As of Jan. 1, 2017, all Boy Scouts — regardless of rank — must begin using the new Boy Scout requirements.
You got a first look at the Boy Scout requirement changes way back in January 2014; the requirements themselves were released to the public in May 2015.
The BSA established 2016 as a transition year, allowing Boy Scouts to choose whether to use the new requirements or finish up their current rank with the old ones.
Now that it’s 2017, every Boy Scout must use the new requirements.
The Boy Scouts of America has announced modifications to Cub Scouting that make the program more flexible for busy parents, den leaders and Cubmasters.
The BSA gathered feedback from den leaders who had delivered the new Cub Scouting program for a year. What they learned was that some den leaders had difficulty fitting into their program year all of the adventures required for advancement. This resulted in boys not advancing. After a thoughtful and deliberate review, the BSA has released some modifications to address this concern.
What are the modifications? Some adventure requirements that previously were mandatory will become optional, in a move intended to give Cub Scouters more control over their den program.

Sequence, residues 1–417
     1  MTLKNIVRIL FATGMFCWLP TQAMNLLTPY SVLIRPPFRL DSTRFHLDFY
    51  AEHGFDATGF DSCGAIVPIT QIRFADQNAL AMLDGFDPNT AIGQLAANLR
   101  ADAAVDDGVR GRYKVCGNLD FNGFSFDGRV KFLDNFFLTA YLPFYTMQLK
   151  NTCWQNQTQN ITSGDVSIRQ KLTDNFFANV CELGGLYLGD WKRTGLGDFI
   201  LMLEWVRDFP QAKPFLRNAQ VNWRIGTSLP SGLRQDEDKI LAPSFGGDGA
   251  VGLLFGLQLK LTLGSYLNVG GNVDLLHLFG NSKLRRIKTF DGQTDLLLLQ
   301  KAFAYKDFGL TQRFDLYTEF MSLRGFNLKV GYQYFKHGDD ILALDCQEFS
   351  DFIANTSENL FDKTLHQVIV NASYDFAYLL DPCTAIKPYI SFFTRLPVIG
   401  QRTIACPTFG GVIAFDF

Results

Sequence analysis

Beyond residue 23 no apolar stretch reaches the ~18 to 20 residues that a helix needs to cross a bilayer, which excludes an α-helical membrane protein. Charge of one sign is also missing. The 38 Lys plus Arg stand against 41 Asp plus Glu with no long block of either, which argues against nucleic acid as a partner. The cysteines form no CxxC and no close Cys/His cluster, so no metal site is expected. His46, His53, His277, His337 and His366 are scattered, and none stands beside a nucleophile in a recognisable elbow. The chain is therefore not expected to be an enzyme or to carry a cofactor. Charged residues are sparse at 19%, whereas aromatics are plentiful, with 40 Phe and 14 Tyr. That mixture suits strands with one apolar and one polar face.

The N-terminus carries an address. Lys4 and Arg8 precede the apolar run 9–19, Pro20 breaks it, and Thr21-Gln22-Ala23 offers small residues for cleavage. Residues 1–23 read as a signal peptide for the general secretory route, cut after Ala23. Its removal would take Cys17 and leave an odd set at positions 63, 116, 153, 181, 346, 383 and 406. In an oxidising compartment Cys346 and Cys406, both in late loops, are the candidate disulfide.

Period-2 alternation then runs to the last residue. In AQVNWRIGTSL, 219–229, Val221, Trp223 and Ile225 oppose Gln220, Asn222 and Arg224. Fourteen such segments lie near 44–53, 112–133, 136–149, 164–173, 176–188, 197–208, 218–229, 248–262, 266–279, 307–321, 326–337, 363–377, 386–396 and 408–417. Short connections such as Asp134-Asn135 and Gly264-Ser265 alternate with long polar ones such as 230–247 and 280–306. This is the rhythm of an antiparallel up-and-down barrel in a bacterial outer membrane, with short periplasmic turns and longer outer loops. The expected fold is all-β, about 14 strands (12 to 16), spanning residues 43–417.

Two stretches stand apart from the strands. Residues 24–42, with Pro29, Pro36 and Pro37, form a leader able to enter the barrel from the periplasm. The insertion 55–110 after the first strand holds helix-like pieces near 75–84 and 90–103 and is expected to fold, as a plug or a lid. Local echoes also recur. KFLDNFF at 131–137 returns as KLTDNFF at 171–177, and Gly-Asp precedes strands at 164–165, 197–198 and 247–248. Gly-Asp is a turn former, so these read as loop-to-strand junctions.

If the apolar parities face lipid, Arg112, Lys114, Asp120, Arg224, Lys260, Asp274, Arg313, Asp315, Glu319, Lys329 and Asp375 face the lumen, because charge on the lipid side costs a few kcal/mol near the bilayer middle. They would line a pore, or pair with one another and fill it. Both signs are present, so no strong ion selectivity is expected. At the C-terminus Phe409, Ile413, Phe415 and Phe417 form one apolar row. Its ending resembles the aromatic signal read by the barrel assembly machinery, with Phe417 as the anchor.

The changes, which take effect Immediately, were approved by the National Executive Committee of the Boy Scouts of America.
The fine-tuning reflects the BSA’s three-step approach to new programs: Launch. Learn. Modify.
Click on the Read more, link to find what you need to know.
Since its founding in 1910, the Boy Scouts of America has had fully participating members with physical, mental, and emotional disabilities. James E. West, the first Chief Scout Executive, was a person with a disability. Although most of the BSA's efforts have been directed at keeping such boys in the mainstream of Scouting, it has also recognized the special needs of those with significant disabilities. To find out more about advancement for Scouts with Special Needs, click on the "Read more" link, below.